AnaesthesiaObstetricsPain Management

053 – Complications after central neuraxial blocks in obstetric anaesthesia a discussion with Graeme

You are the anaesthetist allocated to the anaesthetic outpatient clinic and you are asked to see a pregnant patient who is expecting her second child in a few months time who has been referred by a midwife from the antenatal services. She tells you that she had her first child three years earlier and that it was a very difficult and unpleasant experience. After a long difficult labour she asked for an epidural for pain relief. She describes that it was a very painful experience being placed and then it didn’t work properly and despite being numb in her left leg she was still in a lot of pain. She then went to theatre for an emergency instrumental delivery – the anaesthetist there replaced it with “a new epidural” and she says she almost passed out and had trouble feeling her hands and breathing for about 30min. After delivery she had a numb patch on her left thigh and some musculoskeletal back pain for 6 months which she says a number of people have told her “were probably due to the epidural”. She is very anxious about what will happen this time – she wants good pain relief during the labour because she had a lot of difficulty coping with the labour pain last time but is very worried about having another “epidural”. She has also been told her baby is bigger this time and she might need to have a caesarean.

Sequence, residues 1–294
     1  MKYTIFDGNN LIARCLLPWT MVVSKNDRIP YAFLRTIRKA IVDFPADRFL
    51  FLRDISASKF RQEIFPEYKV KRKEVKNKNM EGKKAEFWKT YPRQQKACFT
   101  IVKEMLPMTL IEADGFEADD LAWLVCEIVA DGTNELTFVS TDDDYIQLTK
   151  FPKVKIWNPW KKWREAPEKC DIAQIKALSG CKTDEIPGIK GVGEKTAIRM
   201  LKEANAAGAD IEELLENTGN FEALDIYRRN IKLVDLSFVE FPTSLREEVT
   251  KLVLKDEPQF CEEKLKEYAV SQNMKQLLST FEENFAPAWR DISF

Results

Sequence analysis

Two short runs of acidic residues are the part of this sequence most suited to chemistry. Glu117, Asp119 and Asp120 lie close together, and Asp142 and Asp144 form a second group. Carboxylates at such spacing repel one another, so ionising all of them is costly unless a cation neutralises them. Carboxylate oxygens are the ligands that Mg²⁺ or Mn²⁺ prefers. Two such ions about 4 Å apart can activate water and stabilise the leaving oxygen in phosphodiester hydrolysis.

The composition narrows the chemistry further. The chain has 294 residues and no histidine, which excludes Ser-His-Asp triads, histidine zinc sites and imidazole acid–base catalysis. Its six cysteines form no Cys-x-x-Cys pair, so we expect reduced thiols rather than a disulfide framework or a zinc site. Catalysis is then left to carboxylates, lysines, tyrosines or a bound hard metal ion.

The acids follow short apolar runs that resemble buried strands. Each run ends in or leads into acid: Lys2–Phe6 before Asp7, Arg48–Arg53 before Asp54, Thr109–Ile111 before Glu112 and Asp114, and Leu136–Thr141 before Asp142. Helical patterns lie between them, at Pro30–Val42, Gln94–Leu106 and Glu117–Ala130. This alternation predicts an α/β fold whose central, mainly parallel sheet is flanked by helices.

She wants you to give her a detailed explanation of the known risks / complications of epidural analgesia and or anaesthesia should she need a caesarean. What are these and how will you explain these to her without making her anxiety even worse!

Hi everyone,

This week Graeme and I are back to discuss the known complications of central neuraxial blockade – or spinals and epidurals – in obstetrics. This week we will discuss all the known problems and complications that can occur – how to explain so the average lay person can understand them and doing it without scaring them to death! We refer heavily to NAP3 the great national audit project conducting in the UK and published in 2009 which highlights the overall safety of central neuraxial blockade and luckily how rare devastating neurological complications are. Next episode we will focus more specifically on the neurological injuries & deficits following childbirth and the specific causes (most of which are unrelated to the epidural or spinal!).

REFERENCES

National Audit of Major Complications of Central Neuraxial Block in the United Kingdom Report and Findings, January 2009

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